Cesare Di Mauro wrote:
2010/10/21 Benjamin Peterson email@example.com
Georg Brandl <g.brandl@...> writes:
You must be talking of a different restriction.
I assumed Raymond was talking about calling a function with > 255 args.
I think that having max 255 args and 255 kwargs is a good and reasonable limit which we can live on, and helps the virtual machine implementation (and implementors :P).
Python won't lose its "power" and "generality" if one VM (albeit the "mainstream" / "official" one) have some limits.
We already have some other ones, such as max 65536 constants, names, globals and locals. Another one is the maximum 20 blocks for code object. Who thinks that such limits must be removed?
I think that having more than 255 arguments for a function call is a very rare case for which a workaround (may be passing a tuple/list or a dictionary) can be a better solution than having to introduce a brand new opcode to handle it.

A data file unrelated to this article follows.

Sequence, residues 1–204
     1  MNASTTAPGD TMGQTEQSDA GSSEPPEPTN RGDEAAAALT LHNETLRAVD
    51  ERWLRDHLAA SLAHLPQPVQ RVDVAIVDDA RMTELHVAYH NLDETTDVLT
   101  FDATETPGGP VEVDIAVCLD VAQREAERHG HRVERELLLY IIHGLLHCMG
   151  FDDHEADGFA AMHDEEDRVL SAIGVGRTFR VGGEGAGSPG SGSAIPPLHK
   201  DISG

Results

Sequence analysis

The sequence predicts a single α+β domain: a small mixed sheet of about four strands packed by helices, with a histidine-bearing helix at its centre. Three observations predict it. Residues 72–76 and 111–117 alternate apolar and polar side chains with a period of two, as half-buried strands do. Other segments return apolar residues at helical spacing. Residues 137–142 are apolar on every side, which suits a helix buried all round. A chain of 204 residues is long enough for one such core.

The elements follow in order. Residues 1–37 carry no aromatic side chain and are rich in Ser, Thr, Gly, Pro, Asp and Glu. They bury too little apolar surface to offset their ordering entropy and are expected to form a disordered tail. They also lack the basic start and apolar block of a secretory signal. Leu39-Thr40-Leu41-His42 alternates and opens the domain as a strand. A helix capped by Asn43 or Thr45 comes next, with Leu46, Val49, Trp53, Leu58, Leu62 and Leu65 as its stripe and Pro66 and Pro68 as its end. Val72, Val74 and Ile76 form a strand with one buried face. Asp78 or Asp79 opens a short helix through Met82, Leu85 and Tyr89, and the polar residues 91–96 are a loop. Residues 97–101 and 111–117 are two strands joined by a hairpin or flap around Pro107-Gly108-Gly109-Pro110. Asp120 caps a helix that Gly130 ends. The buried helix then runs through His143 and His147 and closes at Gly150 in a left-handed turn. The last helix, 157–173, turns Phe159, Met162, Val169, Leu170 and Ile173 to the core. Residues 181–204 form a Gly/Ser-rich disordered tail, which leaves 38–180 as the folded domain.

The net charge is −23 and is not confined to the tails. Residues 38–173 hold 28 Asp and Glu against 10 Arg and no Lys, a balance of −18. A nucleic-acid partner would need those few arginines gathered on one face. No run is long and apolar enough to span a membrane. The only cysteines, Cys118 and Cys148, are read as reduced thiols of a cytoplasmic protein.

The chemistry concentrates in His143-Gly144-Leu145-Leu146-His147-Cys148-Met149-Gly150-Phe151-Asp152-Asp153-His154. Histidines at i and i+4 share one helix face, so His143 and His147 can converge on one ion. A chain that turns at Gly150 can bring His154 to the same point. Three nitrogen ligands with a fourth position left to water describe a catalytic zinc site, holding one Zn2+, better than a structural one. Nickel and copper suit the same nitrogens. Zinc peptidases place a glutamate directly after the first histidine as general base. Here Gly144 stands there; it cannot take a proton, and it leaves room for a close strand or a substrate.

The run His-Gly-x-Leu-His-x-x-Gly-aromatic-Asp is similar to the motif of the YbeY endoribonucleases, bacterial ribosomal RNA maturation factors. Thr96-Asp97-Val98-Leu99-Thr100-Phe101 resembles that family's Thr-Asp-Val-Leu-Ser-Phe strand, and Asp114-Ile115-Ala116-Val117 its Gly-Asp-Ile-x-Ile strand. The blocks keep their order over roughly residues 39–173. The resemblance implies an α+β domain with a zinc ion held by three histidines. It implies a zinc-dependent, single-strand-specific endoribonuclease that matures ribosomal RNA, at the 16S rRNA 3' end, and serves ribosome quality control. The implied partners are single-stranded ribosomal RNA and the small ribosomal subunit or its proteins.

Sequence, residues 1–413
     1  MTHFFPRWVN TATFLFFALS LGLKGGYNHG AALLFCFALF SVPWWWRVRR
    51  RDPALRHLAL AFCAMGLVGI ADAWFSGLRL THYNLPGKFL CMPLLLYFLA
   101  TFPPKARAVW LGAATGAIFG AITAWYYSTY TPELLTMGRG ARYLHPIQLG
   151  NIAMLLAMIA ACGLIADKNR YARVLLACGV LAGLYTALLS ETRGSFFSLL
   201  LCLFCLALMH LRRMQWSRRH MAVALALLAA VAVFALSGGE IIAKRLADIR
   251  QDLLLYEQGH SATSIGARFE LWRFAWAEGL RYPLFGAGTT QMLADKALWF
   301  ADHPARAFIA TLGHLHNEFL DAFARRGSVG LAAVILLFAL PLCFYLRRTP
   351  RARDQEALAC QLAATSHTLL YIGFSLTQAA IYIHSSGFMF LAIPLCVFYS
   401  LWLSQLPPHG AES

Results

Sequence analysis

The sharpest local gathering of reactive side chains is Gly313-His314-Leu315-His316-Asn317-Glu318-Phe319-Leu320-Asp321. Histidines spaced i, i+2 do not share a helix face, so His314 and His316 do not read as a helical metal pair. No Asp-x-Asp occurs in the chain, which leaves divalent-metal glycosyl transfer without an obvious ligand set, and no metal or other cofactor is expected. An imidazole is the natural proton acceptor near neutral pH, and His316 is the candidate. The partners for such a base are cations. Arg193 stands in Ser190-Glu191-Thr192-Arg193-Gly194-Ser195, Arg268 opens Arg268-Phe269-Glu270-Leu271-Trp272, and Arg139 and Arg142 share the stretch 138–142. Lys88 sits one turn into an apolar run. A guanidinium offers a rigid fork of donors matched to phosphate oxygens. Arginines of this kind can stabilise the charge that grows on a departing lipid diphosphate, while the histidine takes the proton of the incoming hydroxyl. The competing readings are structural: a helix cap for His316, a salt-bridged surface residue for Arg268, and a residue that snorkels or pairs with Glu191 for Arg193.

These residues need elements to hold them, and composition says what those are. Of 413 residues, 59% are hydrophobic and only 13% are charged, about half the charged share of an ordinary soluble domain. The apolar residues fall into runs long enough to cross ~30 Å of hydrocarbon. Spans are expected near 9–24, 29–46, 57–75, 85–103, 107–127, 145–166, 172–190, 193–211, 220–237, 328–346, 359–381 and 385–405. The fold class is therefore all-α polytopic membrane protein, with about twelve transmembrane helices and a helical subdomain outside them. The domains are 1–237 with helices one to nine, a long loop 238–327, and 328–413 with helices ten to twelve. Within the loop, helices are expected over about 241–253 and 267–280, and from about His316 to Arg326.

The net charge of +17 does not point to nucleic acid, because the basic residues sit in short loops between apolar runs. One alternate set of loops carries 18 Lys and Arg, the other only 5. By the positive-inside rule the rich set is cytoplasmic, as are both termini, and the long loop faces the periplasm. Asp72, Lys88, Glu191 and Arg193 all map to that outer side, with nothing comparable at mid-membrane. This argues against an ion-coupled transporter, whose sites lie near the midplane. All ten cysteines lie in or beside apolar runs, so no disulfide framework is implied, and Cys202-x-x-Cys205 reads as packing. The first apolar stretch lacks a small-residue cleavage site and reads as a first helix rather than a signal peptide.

It's certainly rare when writing applications by hand, but such limits can be reached with code generators wrapping external resources such as database query rows, spreadsheet rows, sensor data input, etc.
We've had such a limit before (number of lines in a module) and that was raised for the same reason.
Changing the current opcode(s) is a very bad idea, since common cases will slow down.
I'm sure there are ways to avoid that, e.g. by using EXTENDED_ARG for such cases.